We have had to change the way that some of our services operate to meet the guidelines set out by the government in response to the Coronavirus pandemic.

We will investigate all of the complaints we receive about unauthorised development. This includes building works, changes in the use of buildings or land, the appearance of building or land, advertisements, works to Listed Buildings, or works to trees that are protected. We have a discretionary power (as to whether it is expedient or in the public interest) to take enforcement action having regard to:

  1. The merits of each case,
  2. The aims and objectives of the local development plan and other legislation and
  3. Whether it is expedient or in the public interest to do so in respect of the above factors.

We receive over 300 complaints each year mainly relating to concerns about such development. Many complaints may be unfounded because planning permission already exists for the work, or was not actually required. Some complaints may be extremely complicated requiring a protracted investigation. 

Planning Enforcement Policy
This policy sets out our approach to investigating unauthorised development.

Make a report

You can report a planning breach to us online. You must provide your name and address. All complaints are treated in the strictest confidence and the source will not be revealed (although it may well be apparent in some situations). It may be necessary for us to rely on the complainant as a witness in due course if it is decided that prosecution is necessary.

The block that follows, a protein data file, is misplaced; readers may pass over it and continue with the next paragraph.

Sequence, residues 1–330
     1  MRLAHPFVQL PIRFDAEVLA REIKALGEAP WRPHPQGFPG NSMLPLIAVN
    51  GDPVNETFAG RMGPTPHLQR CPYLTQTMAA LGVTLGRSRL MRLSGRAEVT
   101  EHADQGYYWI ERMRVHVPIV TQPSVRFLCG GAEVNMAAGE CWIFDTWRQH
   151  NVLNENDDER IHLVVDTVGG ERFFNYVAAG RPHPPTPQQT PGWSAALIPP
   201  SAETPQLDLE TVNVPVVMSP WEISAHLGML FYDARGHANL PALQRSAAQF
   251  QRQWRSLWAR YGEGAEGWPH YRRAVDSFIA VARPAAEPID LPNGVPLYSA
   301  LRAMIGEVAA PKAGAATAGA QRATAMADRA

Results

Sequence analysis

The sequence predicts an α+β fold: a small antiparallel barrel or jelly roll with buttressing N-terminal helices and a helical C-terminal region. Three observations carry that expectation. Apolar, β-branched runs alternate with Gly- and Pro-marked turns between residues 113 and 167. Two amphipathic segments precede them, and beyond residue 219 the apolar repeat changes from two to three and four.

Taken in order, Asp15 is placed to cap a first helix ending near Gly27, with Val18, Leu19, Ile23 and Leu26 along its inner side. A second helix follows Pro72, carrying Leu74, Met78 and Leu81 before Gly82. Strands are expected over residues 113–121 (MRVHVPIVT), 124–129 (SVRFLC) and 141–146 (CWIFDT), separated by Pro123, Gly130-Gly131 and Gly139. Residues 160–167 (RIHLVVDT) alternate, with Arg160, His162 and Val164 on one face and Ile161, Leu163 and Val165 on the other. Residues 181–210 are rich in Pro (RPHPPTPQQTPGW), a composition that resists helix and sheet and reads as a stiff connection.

Report a breach of planning

Paper applications

You can also submit a report by downloading and completing a form and sending it to us.

  Download a breach of planning report form

When the complaint is received it is logged on and allocated to an Investigation Officer. Having researched the relevant planning history the officer will decide whether there is a breach of planning control or not. If there is a breach of the site it will normally need to be visited as soon as possible to establish the facts. It may also be necessary to view the site from the complainants address, this will be done discreetly.

Once the facts are established the officer will decide whether there is a breach of planning control occurring, and if so explain what is to be done to try and resolve the matter. This will normally be done in consultation with one of the senior planning officers so that a balanced judgement can be made.

It may be that changes to the works could overcome our objections, or that a retrospective planning application be submitted to regularise the matter. These solutions are suggested in national advice and would allow us to impose conditions to improve the situation. It may also be that a breach is occurring but we do not consider that enforcement action would be expedient or in the public interest, and as such it would take no further action. Either way, all parties would be notified of what the outcome is.

We have powers to issue an Enforcement Notice if it feels that it is expedient (necessary to do so). In the case of unauthorised building works it may require some changes, or its complete demolition. Such a Notice would be served on all those parties having a legal interest in the land and it would explain clearly to what site the Notice relates to; what the alleged breach is; what is required to comply with a Notice; and by when it should be carried out.